Even after the pandemic, New Zealand might not be welcoming tourists back the way it used to
  • New Zealand’s Tourism Minister Stuart Nash is calling for changes to the country’s tourism model.
  • “We cannot go back to the tourism model that existed prior to COVID-19,” Nash said on Friday.
  • The proposal stands in contrast to many countries’ focus on reboosting tourism to pre-COVID levels.
  • Visit Insider’s homepage for more stories.

If you haven’t already been to New Zealand, you might have missed your chance to see the country at its tourism peek.


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At an industry conference in Queenstown on Friday, New Zealand Tourism Minister Stuart Nash called for changes to the country’s tourism model.

“We cannot go back to the tourism model that existed prior to COVID-19,” Nash said, according to a report from Bloomberg’s Tracy Withers.

New Zealand has an estimated population of 5.1 million as of December 2020. In 2019, more than 3.9 million tourists visited the island nation.

Since 1999, the country has celebrated and highlighted its natural assets and singular landscapes in its “100% Pure New Zealand.” It’s also launched spin-off campaign variations, such as 100% Pure Middle Earth, a nod to the tourism boom the country saw after serving as the filming location for the “Lord of the Rings” trilogy. Among the locations drawing the most tourists are Tongariro Alpine Crossing, a national park in the North Island that sees more than 130,000 hikers annually, and the South Island’s Milford Sound, which has famously been referred to as one of the wonders of the world and sees as many as a million tourists annually.

In his speech, Nash said that these “unsustainable tourism levels put far too much undue pressure on communities and our natural attractions and many communities have struggled to absorb.”

Nash is not the first figure in New Zealand to call for change. In 2019, Simon Upton, Parliamentary Commissioner for the Environment, spoke about the negative effects of tourism on the environment. “The sheer numbers of people are eroding the sense of isolation, tranquility, and access to nature that many overseas tourists seek when visiting New Zealand,” Upton said.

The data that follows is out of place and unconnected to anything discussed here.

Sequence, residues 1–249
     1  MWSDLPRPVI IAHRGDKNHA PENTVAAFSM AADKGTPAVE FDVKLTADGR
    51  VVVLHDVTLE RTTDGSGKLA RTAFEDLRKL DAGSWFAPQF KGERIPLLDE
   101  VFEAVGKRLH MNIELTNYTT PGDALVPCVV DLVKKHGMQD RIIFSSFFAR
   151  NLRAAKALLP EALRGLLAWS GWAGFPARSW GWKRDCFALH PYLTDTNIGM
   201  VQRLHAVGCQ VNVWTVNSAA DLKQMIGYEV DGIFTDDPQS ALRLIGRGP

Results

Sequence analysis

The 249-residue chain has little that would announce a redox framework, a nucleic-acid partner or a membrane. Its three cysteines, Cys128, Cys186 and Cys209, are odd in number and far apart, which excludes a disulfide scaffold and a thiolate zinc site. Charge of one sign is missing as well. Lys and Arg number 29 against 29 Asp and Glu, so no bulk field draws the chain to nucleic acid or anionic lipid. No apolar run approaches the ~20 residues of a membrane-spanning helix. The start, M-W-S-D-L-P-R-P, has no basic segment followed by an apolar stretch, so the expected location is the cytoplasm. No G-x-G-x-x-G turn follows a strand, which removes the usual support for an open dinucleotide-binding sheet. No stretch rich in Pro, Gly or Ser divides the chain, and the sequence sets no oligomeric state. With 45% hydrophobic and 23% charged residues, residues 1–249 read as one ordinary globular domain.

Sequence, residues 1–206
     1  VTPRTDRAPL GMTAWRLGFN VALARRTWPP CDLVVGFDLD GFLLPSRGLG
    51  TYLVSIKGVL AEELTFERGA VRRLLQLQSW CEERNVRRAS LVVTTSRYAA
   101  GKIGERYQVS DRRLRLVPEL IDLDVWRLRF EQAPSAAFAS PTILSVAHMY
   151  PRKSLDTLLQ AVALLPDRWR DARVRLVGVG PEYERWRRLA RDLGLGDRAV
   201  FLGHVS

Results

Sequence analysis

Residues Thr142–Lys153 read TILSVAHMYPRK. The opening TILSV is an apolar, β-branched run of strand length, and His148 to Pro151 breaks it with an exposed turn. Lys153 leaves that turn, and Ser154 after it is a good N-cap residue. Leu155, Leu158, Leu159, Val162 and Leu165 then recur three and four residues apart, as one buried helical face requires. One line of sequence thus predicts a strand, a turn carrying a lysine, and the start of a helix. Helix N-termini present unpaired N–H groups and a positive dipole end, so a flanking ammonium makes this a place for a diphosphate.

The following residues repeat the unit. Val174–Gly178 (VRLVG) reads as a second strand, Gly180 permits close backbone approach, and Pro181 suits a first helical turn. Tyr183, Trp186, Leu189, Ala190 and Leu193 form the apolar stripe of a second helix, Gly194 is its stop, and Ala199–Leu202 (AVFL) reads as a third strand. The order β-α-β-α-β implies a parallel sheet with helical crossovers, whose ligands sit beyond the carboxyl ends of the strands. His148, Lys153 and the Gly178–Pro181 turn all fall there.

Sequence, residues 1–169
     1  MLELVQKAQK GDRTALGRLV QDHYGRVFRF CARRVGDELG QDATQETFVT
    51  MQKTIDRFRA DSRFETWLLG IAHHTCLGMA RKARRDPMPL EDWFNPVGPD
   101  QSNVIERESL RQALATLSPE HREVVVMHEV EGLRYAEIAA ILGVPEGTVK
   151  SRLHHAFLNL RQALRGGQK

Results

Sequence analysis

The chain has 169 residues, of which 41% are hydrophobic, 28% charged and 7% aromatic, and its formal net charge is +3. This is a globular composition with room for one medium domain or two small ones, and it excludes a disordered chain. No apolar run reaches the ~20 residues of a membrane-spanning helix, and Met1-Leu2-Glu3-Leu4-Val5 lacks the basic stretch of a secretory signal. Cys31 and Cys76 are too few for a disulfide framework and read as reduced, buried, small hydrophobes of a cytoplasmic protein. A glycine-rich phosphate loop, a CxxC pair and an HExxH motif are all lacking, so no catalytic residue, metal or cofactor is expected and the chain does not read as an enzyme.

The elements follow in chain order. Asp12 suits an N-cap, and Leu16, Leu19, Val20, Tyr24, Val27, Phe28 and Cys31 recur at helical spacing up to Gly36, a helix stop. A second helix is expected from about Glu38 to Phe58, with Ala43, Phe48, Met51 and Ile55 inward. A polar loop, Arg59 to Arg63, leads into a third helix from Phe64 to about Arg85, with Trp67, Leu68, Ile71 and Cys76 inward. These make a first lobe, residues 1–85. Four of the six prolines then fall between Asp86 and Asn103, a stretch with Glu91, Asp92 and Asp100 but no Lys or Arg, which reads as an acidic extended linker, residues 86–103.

Prior to the pandemic, tourism accounted for some 9.3% of the country’s $206 billion GDP. According to Tourism Industry Aotearoa, more than 13% of all jobs in New Zealand come from tourism; directly and indirectly, the industry employed more than 380,000 people in the year ended March 2019.

Nash did not immediately respond to Insider’s request for comment on the future of these jobs should the country’s tourism industry indeed be scaled back after COVID-19.

Not the typical model for pandemic recovery

Tourism numbers across the world plummeted in 2020 as the COVID-19 pandemic gripped the world and ground travel to a halt. New Zealand recorded 996,000 overseas visitor arrivals in 2020, a decrease of 2.89 million from the previous year.

The country was hailed as an early success for its handling of the pandemic. It started imposing travel restrictions in February 2020, even though it had no known coronavirus cases at the time. Thirteen months later, its borders remain closed to almost all travelers to control the spread of the virus.

The government is currently working to open a travel corridor with Australia, but in his speech, Nash noted that New Zealand is unlikely to open back up to mass tourism before 2022.

New Zealand’s talks about cutting back on tourism post-pandemic don’t follow the mold. In fact, they’re in direct contrast to many countries’ post-COVID plans.

Many tourism-dependent countries are currently examining ways to jump-start their tourism industries and bring some much-needed relief to their economies. Thailand, for one, is enticing tourists back in by allowing them to quarantine on yachts and golf resorts. Top Thai resort island Phuket has explored mass-vaccination plans that would allow tourism to start back up in earnest by October.

Seychelles announced that it’ll be opening borders on March 25 to tourists who present negative PCR test results on arrival, no quarantine or vaccine required. The Indian Ocean island follows in the footsteps of the Maldives, which fully – and successfully – opened to travelers from any country back in July 2020. And Iceland announced that from March 18 it, too, would be opening borders to vaccinated travelers from more countries in a bid to jumpstart tourism.

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